The lower court quite properly referred to but expressly did not rely upon Farrell v. Altoona C.A.T.V. Corp., 419 Pa. 391, 214 A.2d 231 (1965). The issue in that case was whether an award of a franchise could be granted by resolution or only by ordinance. It was held that it could be granted only by ordinance.

Accordingly, we will enter an order reversing the trial court.


Now, June 16, 1977, the order of the Court of Common Pleas of Blair County, dated July 7, 1976, is reversed and the prayer of the appellant's complaint to declare the referendum petition not timely filed is granted and Ordinance No. 4437 is in full force and effect.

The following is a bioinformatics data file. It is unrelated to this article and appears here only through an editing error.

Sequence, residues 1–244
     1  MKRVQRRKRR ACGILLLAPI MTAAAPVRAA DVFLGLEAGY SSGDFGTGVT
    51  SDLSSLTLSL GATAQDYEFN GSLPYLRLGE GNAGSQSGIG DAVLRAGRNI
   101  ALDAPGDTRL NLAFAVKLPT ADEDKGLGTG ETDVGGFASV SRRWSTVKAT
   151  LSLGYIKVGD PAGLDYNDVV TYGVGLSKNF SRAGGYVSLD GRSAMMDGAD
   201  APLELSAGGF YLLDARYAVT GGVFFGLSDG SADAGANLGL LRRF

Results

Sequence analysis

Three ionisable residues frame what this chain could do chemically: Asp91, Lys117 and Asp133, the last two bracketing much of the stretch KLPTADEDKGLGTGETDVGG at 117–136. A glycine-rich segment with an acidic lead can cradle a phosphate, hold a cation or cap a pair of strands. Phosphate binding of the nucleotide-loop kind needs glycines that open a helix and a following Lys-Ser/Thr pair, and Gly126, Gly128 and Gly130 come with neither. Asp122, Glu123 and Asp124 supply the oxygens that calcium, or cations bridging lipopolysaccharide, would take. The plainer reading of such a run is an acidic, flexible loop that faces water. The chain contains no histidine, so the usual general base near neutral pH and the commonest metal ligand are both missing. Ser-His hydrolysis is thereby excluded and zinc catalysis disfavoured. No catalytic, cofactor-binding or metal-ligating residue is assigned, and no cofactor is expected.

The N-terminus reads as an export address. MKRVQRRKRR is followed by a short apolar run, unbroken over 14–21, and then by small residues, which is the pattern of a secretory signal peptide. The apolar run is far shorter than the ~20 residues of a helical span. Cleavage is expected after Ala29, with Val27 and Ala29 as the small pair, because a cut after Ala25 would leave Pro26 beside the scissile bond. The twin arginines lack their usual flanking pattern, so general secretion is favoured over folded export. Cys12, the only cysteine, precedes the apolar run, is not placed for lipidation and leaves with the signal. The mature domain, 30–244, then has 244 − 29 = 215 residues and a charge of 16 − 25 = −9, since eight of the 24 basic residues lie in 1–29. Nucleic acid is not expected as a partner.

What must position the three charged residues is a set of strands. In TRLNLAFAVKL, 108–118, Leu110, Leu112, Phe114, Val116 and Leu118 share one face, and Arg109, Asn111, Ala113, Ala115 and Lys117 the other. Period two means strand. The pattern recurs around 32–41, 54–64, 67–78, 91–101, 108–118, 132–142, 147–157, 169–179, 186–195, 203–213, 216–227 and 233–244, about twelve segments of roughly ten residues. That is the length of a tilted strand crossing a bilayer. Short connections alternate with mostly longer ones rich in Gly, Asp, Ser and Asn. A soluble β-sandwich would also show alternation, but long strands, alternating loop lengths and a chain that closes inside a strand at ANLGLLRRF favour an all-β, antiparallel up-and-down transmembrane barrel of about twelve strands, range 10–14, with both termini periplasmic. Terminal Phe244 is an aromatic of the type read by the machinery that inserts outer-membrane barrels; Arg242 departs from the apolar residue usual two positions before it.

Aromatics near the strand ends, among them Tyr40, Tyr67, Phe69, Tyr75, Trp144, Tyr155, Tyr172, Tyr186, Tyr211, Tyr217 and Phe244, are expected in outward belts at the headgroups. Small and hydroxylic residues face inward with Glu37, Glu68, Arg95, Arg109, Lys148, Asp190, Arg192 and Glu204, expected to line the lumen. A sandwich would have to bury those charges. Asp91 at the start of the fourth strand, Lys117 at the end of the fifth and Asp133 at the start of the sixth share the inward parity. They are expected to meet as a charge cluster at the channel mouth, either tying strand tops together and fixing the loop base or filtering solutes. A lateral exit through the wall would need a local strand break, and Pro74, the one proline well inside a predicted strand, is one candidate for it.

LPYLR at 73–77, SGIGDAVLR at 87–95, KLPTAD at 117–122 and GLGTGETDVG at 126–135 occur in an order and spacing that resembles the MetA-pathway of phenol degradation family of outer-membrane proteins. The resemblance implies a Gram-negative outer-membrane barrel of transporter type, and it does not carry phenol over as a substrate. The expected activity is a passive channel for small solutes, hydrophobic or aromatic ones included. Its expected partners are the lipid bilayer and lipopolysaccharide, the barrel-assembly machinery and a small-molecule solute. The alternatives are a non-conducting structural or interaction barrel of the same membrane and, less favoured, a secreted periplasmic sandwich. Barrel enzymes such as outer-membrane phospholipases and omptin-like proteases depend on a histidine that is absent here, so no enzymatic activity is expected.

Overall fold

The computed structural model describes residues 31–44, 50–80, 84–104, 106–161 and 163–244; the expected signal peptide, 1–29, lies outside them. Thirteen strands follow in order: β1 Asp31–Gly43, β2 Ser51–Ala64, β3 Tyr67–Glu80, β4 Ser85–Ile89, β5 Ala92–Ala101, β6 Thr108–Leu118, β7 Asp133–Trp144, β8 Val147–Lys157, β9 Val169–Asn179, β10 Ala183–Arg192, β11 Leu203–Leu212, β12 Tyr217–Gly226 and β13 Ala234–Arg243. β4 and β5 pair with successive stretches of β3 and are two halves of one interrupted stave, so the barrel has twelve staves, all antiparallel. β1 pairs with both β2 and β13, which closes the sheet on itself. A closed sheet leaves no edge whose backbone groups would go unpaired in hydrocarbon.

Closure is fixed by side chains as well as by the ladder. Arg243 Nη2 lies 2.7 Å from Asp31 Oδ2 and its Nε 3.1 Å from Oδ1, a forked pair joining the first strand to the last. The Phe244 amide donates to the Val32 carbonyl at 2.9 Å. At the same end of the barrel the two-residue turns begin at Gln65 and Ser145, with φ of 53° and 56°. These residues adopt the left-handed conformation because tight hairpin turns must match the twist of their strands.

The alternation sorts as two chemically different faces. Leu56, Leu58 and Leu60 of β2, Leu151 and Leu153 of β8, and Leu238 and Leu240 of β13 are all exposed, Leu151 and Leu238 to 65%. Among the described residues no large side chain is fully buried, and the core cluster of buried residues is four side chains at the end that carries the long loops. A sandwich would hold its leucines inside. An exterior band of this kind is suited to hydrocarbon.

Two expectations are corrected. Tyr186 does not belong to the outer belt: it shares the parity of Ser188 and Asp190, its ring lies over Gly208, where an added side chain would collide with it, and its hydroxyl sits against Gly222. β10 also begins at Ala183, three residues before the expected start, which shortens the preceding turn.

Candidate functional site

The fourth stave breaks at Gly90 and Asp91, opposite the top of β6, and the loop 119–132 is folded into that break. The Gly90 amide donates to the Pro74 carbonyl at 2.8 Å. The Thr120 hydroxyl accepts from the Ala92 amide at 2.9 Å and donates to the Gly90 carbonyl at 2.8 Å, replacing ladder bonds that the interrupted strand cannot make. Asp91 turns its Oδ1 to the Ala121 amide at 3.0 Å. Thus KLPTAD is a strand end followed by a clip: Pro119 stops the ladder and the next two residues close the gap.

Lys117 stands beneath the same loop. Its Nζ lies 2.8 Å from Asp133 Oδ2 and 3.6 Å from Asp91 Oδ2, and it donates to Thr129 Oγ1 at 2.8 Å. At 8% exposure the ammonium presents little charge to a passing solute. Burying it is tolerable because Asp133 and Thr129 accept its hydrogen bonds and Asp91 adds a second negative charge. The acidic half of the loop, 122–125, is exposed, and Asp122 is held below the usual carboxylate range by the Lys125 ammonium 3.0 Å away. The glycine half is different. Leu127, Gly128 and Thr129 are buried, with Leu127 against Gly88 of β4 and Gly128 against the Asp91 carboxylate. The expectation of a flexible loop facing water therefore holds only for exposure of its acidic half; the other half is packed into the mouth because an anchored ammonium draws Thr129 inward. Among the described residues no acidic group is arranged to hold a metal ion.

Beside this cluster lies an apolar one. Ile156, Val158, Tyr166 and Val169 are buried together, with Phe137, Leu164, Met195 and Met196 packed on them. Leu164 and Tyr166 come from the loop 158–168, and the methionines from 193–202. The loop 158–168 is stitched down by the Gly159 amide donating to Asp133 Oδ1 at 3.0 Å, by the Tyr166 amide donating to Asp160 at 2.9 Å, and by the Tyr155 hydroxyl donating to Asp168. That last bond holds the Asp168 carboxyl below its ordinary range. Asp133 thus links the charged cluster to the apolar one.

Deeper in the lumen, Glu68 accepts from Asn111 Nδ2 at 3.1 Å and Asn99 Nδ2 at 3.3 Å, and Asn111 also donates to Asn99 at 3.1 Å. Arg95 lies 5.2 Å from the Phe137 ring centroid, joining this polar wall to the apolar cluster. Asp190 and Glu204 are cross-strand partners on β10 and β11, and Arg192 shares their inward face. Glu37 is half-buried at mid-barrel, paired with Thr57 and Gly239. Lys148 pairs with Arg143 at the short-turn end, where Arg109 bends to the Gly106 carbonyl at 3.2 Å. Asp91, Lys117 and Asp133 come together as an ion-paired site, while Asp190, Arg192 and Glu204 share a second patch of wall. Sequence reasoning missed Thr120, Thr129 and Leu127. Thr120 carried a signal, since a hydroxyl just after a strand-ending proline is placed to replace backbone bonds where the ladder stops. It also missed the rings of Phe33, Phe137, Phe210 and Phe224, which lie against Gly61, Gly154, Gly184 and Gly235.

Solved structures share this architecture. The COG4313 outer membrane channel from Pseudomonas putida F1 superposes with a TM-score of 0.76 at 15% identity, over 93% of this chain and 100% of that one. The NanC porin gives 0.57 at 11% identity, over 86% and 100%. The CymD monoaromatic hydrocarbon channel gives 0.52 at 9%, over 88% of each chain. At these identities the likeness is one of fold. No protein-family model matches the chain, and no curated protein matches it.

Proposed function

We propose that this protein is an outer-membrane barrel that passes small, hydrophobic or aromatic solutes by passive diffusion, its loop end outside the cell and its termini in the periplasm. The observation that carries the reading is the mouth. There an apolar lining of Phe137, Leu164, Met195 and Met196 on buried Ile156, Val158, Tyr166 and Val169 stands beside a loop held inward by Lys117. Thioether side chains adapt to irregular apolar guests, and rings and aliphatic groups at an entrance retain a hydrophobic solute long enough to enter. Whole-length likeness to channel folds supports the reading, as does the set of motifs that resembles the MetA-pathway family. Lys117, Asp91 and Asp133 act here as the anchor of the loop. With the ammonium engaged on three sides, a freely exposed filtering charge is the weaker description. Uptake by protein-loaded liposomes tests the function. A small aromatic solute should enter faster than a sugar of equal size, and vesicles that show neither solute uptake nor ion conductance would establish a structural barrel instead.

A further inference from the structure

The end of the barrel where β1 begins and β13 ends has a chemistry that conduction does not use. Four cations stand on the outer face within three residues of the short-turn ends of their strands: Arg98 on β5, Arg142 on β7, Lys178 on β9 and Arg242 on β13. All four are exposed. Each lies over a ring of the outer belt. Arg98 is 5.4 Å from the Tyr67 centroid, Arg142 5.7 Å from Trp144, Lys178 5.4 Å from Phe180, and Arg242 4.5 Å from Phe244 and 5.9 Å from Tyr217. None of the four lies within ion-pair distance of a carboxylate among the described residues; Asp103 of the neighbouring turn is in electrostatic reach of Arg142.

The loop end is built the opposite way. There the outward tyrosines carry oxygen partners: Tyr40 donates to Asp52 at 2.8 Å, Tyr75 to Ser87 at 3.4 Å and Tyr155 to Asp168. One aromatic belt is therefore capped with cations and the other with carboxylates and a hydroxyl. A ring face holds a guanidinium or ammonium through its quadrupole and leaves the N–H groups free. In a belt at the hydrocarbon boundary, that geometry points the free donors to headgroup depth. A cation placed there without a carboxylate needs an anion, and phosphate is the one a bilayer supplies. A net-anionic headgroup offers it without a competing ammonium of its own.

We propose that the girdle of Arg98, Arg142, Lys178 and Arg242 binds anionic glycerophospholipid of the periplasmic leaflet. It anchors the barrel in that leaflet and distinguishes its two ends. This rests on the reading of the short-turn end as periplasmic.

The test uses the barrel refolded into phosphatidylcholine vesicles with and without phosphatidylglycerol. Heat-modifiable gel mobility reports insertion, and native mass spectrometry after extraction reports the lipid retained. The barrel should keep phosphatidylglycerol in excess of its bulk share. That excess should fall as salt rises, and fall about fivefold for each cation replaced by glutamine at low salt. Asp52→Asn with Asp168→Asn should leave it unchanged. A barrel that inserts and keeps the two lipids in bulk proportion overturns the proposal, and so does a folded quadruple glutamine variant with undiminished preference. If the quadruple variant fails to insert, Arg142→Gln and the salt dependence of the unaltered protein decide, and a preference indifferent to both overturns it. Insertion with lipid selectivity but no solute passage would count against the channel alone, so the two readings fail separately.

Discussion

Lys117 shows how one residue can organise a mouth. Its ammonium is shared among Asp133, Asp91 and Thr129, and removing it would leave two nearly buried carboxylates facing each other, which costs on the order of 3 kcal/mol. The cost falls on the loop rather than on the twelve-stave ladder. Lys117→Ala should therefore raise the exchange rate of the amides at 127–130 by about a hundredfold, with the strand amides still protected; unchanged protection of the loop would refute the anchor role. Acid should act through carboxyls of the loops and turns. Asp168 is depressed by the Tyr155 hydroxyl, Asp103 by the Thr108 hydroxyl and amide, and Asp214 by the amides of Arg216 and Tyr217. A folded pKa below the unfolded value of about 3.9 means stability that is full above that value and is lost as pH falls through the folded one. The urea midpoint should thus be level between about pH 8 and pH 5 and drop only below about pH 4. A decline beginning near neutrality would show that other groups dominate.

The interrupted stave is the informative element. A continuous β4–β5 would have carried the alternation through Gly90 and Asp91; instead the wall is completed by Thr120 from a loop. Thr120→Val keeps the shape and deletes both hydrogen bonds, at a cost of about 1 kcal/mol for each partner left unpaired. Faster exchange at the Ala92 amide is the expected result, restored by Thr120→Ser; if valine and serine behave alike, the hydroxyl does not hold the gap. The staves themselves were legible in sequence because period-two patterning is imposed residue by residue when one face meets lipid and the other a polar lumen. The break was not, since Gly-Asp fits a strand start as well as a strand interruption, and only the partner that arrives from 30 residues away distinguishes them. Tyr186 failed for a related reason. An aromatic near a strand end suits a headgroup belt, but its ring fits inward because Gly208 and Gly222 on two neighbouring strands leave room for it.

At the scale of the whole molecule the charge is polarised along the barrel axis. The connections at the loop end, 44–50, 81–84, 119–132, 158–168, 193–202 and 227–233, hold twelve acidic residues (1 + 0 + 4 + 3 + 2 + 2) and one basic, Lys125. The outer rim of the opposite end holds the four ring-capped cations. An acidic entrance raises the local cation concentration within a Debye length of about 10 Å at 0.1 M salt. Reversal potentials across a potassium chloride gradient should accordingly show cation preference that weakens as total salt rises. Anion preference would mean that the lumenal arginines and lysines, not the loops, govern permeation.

Dissenting Opinion by Judge Blatt:

I must respectfully dissent. In City of Farrell v. Altoona CATV Corporation, 419 Pa. 391, 214 A.2d 231 (1965), our Supreme Court clearly approved the grant of permission by a third class city to a corporation to erect and maintain a cable television system over public streets pursuant to Section 1057 of The Third Class City Code, Act of June 23, 1931, P.L. 932, as amended, 53 P.S. § 36057. While it is true that the court in City of Farrell, supra, was primarily concerned with whether or not such approval had to be indicated by the adoption of an ordinance, and neither party seems to have raised the question as to whether or not a corporation, which was not a public utility corporation, was still covered by Section 1057 under the words "person or persons," I see nothing in the context of Section 1057 which would require the restrictive interpretation

[ 30 Pa. Commw. Page 569]

    set forth here by the majority.*fn1 I would affirm the order of the lower court.